Validation of predicted meteorological drought in California using analogous orbital geometries
Article first published online: 25 JUN 2013
Copyright © 2013 John Wiley & Sons, Ltd.
Volume 28, Issue 11, pages 3703–3713, 30 May 2014
How to Cite
Ejeta, M. Z. (2014), Validation of predicted meteorological drought in California using analogous orbital geometries. Hydrol. Process., 28: 3703–3713. doi: 10.1002/hyp.9878
- Issue published online: 19 MAY 2014
- Article first published online: 25 JUN 2013
- Accepted manuscript online: 2 MAY 2013 12:57AM EST
- Manuscript Accepted: 29 OCT 2012
- Manuscript Received: 5 MAY 2012
- drought predictability;
- hydrological variability;
- orbital forcing;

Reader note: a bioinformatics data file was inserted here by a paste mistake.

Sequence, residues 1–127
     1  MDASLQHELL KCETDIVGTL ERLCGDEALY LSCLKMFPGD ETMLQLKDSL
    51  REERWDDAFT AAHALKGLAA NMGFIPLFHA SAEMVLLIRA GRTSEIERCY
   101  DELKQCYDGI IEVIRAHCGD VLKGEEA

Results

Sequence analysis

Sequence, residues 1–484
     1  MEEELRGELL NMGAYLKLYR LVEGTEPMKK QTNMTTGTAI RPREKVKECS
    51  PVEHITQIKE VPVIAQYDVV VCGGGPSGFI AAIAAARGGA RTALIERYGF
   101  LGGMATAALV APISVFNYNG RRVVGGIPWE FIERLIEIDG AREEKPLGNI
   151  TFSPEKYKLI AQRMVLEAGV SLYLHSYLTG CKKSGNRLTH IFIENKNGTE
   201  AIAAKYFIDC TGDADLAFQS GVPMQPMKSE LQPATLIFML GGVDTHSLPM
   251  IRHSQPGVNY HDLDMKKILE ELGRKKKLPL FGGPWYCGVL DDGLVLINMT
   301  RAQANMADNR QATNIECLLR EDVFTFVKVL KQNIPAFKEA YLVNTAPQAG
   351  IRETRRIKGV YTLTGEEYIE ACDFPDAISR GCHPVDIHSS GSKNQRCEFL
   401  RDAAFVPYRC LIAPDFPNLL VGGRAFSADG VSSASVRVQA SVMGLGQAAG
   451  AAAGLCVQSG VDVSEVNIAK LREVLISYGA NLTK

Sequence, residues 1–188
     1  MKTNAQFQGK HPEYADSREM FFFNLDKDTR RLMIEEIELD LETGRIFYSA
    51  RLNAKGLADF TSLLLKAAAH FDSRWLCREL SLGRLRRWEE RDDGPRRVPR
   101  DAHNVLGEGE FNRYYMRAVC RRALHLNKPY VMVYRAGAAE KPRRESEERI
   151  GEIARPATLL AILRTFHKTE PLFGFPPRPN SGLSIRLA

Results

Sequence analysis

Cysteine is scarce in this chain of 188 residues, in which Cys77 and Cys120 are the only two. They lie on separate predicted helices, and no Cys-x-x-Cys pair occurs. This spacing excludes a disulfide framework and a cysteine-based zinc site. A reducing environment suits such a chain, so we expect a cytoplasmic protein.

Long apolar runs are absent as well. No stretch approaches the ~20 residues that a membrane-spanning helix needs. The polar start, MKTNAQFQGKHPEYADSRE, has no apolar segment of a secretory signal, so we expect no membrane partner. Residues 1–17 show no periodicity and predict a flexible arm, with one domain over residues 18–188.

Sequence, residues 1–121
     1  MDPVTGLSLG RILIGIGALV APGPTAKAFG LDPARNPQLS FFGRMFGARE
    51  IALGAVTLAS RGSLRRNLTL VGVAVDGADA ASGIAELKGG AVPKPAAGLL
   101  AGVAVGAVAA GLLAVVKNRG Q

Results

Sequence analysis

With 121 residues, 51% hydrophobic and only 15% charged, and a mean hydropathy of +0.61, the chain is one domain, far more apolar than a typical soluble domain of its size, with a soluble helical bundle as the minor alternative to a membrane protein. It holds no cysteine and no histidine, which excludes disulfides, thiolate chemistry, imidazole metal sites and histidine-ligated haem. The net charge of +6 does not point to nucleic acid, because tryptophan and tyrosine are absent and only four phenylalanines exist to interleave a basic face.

Recent studies have uncovered the predictability of hydrological conditions on Earth, based on an analysis of long-term precipitation data in California and analogous orbital forcings during different years that are separated by Saros cycles. With similar orbital geometries of the Earth and Moon, water years 1976 and 1994, which are one and two Saros cycles apart from water year 2012, respectively, were both Critically Dry years in California, according to the California Department of Water Resources’ water year type classification. Further analysis of precipitation data at a cross section of gauging stations across the U.S. during water years 1976 and 1994 reinforces the previously observed association between analogous orbital forcings and hydrological conditions on earth. The current work is a validation of predicted meteorological drought in California during water year 2012 using: (1) real-time precipitation data collected from a cross section of gauging stations across California, and (2) estimated full natural flows of eight major rivers in California. The data for these years were analyzed and found to have a high level of correlation. The results of the current work provide a significant mark in the validation exercises of the recent novel finding of the predictability of earth's meteorological and hydrological variability. Continued studies and mapping of observed hydrological conditions globally in the coming years using this approach will be highly valuable for sustainable water resources engineering and various other applications. Copyright © 2013 John Wiley & Sons, Ltd.